While GOP statements to the media were sparse, some of the Republicans vying to unseat Pritzker spoke out on the issue.

GOP governor candidate and current State Senator Darren Bailey, of Xenia, said in statement that he is “proudly pro-life” and that if elected governor, he will promote policies and groups that would empower women with “real options.” While he didn’t directly comment on the draft opinion, he said he would try to scale back recent changes made by Democrats.

“As governor, my focus will be restoring parental notification, ending taxpayer-funded abortion, and prioritizing and ensuring viable options that save lives and support women and families before, during and after pregnancy,” Bailey said.

Bailey has received endorsements by the Illinois Federation for Right to Life, Illinois Citizens for Life and Illinois Family Action.

GOP governor candidate Jesse Sullivan said in a news release under the headline “prayer works” that he is “overjoyed at what could be a generational change in the soul of our country.”

He noted that with the Supreme Court decision putting power back in the hands of the state, it “threatens to make Illinois’s current abortion laws even more heinous” and called for the end of late-term, partial-birth abortions and rollbacks of recent Illinois laws.

Gary Rabine, another GOP governor candidate, also said he welcomes the court’s reversal.

Richard Irvin, the Aurora mayor who has received the financial backing of megadonor Ken Griffin, was not among those issuing a statement, with his campaign declining to do so until a final decision is rendered by the court. His running mate, State Rep. Avery Bourne, R-Morrisonville, is one of the staunchest anti-abortion lawmakers in the General Assembly.

Amy Gehrke, executive director of Illinois Right to Life, said in a news release that the organization will focus on “restoring protection to the most vulnerable” and ensuring that mothers “have the resources they need to choose life as well as parent confidently.”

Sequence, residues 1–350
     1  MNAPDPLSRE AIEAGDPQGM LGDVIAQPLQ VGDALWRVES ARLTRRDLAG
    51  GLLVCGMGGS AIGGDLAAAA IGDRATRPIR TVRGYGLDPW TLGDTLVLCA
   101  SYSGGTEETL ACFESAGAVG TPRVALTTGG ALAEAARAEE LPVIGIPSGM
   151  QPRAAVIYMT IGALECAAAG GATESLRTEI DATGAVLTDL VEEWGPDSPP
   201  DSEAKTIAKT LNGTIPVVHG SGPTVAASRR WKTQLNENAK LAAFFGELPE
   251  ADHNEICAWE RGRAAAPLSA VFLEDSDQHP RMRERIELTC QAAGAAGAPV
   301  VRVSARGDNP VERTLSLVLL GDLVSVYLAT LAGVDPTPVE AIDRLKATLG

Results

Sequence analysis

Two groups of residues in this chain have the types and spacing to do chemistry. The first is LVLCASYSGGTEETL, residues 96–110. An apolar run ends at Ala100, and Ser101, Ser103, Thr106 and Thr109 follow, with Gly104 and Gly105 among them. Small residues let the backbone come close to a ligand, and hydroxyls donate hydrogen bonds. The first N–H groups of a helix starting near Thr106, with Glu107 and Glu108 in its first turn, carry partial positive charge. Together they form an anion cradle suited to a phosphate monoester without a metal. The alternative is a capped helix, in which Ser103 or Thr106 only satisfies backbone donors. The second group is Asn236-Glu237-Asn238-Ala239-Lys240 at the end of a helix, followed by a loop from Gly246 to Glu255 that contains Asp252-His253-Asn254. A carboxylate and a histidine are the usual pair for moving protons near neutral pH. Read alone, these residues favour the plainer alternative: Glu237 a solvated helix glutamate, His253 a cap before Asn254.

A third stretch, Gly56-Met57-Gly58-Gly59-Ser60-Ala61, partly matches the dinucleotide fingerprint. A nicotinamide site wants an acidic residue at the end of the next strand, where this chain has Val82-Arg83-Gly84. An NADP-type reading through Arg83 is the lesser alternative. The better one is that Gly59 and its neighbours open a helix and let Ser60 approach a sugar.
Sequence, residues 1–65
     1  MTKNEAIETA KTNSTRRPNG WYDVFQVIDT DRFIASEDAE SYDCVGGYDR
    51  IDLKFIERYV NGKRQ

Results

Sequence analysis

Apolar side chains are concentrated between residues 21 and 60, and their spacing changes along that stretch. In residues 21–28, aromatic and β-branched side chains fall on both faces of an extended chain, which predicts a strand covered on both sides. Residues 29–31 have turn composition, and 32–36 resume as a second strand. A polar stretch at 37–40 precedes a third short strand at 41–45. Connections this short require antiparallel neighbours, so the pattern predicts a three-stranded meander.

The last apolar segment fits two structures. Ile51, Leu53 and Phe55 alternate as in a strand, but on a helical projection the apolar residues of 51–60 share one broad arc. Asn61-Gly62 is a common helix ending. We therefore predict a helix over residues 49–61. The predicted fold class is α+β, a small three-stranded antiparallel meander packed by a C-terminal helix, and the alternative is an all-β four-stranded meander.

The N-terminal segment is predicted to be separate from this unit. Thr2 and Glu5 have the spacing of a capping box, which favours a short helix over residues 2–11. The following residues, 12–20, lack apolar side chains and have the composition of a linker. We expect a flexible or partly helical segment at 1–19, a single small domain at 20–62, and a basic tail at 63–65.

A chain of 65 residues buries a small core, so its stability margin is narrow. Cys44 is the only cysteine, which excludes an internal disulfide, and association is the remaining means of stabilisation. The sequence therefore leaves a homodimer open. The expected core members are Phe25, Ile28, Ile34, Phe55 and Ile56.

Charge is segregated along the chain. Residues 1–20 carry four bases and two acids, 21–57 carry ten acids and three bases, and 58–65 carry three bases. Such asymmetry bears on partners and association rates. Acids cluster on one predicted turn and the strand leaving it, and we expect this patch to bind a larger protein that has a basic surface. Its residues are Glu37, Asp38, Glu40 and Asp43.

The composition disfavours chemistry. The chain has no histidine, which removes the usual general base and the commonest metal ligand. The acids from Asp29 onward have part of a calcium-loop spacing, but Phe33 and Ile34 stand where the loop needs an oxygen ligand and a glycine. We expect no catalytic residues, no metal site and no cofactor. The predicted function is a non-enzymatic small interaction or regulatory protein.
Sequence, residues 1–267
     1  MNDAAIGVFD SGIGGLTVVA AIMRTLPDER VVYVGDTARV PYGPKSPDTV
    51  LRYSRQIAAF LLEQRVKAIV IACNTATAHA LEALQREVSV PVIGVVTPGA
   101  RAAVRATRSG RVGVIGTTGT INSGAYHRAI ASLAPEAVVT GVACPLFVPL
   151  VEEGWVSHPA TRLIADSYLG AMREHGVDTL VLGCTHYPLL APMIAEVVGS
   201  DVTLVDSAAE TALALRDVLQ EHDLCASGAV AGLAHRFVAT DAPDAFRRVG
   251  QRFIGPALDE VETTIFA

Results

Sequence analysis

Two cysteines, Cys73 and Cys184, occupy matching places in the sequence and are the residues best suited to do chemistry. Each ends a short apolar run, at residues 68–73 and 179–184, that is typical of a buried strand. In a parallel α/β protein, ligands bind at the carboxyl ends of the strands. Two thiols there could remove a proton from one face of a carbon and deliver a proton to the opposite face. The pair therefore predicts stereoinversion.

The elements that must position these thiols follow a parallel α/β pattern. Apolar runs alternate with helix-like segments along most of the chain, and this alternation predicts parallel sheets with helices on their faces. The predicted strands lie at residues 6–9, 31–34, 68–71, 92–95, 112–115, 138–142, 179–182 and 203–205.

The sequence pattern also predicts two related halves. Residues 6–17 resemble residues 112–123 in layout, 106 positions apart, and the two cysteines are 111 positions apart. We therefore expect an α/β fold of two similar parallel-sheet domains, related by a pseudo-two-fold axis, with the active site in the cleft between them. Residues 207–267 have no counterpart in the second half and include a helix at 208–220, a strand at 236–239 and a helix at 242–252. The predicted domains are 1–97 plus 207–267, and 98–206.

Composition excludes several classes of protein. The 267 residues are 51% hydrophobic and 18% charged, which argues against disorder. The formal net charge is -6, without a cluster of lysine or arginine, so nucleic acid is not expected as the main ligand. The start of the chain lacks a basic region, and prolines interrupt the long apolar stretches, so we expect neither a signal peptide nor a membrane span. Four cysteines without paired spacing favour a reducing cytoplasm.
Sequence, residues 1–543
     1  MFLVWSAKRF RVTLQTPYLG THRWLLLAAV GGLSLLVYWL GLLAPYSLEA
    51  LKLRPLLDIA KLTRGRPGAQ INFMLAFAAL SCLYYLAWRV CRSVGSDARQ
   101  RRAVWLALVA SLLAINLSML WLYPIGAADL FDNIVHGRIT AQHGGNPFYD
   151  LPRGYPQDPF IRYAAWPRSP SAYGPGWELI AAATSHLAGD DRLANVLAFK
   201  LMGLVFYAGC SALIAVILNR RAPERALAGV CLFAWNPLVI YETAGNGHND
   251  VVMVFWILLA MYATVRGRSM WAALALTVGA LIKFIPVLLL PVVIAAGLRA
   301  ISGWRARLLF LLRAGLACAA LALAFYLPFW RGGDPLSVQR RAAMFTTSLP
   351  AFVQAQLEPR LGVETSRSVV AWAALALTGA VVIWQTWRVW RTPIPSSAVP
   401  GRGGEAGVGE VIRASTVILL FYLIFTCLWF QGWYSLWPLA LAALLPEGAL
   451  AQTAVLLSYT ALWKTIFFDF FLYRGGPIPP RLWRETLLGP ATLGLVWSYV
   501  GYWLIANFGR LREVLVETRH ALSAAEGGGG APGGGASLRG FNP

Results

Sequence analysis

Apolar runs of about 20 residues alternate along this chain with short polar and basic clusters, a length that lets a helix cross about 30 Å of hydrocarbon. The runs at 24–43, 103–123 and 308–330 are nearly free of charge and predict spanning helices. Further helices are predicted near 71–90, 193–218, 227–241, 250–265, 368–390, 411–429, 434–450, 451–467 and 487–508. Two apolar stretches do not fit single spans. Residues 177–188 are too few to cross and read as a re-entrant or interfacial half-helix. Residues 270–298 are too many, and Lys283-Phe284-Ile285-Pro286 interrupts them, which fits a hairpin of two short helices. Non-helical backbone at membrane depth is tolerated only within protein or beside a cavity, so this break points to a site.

Jennifer Welch, president and CEO of Planned Parenthood of Illinois, released a statement saying that while this decision comes as no surprise, the organization will continue to fight so everyone can access the fundamental reproductive health care they need.

In January, a regional logistics center opened in a Planned Parenthood clinic in Fairview Heights to make abortion care more accessible. The center is operated by Planned Parenthood and the Granite City-based Hope Clinic for Women.

Private funds are used to pay for travel and lodging arrangements and connect patients with existing resources. There is no income or distance requirement to access RLC services.

Planned Parenthood projected that an additional 14,000 women from Arkansas, Kentucky, Missouri, Oklahoma and Tennessee would likely travel to southern Illinois for abortion care if Roe v. Wade is overturned.

“We will fight like hell, not just for the women of Illinois, but for every person in our state and every person across this nation who believes not in limiting civil rights and human rights, but expanding them,” Pritzker said.

Capitol News Illinois is a nonprofit, nonpartisan news service covering state government that is distributed to more than 400 newspapers statewide. It is funded primarily by the Illinois Press Foundation and the Robert R. McCormick Foundation.